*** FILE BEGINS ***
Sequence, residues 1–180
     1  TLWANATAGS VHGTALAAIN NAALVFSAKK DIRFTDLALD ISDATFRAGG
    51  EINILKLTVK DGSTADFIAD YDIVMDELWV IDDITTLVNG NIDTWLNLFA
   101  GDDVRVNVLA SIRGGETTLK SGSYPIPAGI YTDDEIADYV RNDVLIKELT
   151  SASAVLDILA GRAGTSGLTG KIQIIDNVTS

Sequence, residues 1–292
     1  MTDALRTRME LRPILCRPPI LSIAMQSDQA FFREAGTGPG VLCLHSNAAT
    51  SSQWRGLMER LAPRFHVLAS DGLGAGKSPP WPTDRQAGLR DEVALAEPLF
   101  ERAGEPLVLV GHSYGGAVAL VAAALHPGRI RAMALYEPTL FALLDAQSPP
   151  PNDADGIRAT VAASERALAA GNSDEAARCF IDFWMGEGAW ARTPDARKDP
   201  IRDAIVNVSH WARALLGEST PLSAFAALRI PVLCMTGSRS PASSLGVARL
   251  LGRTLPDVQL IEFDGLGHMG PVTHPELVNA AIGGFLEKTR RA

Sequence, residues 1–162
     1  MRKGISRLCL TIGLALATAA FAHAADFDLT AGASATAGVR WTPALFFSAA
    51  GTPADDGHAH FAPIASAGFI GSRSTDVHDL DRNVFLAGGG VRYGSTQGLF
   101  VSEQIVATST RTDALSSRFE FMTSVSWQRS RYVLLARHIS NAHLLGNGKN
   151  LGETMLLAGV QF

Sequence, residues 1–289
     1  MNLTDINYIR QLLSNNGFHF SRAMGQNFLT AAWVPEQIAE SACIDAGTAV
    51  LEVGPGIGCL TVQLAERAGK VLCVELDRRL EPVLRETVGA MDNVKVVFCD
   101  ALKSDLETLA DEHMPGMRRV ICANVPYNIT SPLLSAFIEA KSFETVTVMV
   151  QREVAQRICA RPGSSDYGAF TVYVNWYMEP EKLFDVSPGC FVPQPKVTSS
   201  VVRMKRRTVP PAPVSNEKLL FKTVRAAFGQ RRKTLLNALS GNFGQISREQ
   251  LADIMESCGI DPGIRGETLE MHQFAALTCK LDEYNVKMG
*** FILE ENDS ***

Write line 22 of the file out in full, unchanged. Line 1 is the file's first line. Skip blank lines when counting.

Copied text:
   151  QREVAQRICA RPGSSDYGAF TVYVNWYMEP EKLFDVSPGC FVPQPKVTSS